Recently, China has suffered unprecedented backlash from the international community. U.S. politicians have criticized its legitimate actions in safeguarding national security. The U.S. has sustained the banner of “democracy” and “human rights” to uphold double standards in regional and international affairs. Paradoxically, the iPanda website, which streams panda photos and videos on Twitter, has been tagged with the “China state-affiliated media” label. Simultaneously, the behavior of external actors interfering with China’s domestic political stability has affected China’s internal public opinion environment. Certain foreign-funded NGOs, foundations, and research institutions have subtly instigated dissension, using issues such as environmental protection, energy, population, and economy to discredit China. It is time to retaliate against “ideological pollution.”
The PaperClip Incident
For example, since July 2021, the science blog PaperClip has been suspended from the Chinese social media platforms WeChat and Weibo and the video-streaming site Bilibili after being accused of bias against China. Some among the English-language media have focused on China’s “crackdown” on internet content and have even referred to PaperClip as a victim of Chinese “nationalist backlash.”
It is no surprise that China’s suspension of PaperClip cannot be understood by members of the foreign media; however, PaperClip has been the subject of controversy frequently. PaperClip has expressed fundamental positions in opposite ways in on domestic and foreign video platforms. For example, within one of its YouTube videos aired in 2018, PaperClip failed to include the island of Taiwan on a map of China. However, the same video broadcast on Bilibili showed Taiwan as part of China.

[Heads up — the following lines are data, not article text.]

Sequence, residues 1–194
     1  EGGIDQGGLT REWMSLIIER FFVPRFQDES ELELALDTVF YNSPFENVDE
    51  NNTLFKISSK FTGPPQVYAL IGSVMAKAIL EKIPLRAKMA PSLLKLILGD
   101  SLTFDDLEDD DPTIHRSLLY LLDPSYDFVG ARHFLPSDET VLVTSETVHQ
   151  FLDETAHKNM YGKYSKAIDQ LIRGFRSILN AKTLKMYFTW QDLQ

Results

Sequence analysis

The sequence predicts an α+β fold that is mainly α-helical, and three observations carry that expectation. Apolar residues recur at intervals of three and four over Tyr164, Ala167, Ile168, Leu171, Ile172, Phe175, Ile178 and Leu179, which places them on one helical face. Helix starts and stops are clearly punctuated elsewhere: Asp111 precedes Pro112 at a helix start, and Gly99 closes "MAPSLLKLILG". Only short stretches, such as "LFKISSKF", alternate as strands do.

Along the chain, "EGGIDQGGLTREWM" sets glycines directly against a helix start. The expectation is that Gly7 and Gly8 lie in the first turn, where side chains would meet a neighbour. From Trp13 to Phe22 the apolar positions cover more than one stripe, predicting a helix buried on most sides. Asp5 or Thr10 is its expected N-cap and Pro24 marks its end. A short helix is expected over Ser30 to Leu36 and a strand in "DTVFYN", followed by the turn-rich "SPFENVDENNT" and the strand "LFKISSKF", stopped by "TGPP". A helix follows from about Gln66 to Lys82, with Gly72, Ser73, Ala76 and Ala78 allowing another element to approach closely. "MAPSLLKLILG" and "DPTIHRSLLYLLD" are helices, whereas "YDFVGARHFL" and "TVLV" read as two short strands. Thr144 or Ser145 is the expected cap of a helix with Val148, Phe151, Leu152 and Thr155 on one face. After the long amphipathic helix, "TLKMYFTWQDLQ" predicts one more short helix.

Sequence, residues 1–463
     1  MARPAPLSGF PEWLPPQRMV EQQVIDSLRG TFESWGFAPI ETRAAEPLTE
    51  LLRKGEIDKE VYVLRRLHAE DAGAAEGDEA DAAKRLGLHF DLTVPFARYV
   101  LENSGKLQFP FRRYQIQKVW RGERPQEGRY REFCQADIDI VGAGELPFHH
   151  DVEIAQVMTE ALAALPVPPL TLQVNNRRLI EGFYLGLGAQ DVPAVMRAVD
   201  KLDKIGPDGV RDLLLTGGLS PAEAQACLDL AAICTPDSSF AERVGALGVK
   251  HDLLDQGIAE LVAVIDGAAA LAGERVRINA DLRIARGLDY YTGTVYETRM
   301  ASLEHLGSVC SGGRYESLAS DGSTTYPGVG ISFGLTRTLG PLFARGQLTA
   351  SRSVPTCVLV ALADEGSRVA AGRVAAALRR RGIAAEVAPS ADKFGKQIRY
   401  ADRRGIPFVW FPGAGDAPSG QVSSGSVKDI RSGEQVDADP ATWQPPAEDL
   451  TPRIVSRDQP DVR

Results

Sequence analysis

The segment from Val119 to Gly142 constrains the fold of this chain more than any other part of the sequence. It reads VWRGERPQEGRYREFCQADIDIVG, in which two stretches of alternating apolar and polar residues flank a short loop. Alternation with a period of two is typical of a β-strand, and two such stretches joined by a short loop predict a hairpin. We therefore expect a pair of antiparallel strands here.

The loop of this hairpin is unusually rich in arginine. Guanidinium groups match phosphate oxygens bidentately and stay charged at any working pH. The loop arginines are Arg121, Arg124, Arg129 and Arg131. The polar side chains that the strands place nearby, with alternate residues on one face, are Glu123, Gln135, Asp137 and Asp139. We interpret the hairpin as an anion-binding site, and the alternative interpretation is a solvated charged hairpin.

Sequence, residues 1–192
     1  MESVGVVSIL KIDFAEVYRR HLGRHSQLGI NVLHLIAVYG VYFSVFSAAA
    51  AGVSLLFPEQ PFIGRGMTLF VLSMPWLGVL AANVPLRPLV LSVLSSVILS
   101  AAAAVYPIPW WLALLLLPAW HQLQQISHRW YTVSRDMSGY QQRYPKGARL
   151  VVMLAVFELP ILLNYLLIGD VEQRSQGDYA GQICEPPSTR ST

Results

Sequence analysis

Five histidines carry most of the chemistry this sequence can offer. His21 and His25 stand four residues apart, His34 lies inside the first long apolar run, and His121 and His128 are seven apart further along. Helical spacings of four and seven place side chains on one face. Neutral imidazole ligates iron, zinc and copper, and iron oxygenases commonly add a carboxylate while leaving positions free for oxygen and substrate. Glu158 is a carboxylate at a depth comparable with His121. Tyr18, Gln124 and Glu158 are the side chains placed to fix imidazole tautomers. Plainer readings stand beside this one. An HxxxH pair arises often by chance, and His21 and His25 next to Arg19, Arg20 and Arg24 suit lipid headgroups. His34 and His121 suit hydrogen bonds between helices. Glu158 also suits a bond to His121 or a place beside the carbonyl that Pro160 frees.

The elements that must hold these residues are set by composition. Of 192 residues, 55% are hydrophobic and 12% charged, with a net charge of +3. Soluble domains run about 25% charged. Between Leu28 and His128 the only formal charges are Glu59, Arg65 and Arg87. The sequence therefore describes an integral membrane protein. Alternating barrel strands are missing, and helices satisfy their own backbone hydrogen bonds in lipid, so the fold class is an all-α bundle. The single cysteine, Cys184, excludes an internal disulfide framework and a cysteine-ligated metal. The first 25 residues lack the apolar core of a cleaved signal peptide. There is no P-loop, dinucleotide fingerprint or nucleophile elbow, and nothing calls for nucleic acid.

Under the banner of pure science, the PaperClip creation team subtly outputs opinions which looks right but actually unreasonable to brainwash the Chinese audience. For example, because of the China–United States trade war, the United States increased taxes on imports from China significantly and China has chosen to import soybeans from Brazil. This has allowed China to significantly reduce its imports of soybeans from the U.S. Soon after, the PaperClip released the video “How to quickly wipe out the world's forests” in 2020 (the video has been removed from the official account), which clearly stated: “In the era of economic globalization, the butterfly flapping its wings in Brazil may not trigger a tornado in Texas, but our [Chinese] consumption of meat, eggs, and milk can actually affect the survival of Brazilian forests!” The video content is strongly misleading, asserting that because China is the major consumer of Brazilian soybeans, their production has led to deforestation in South America.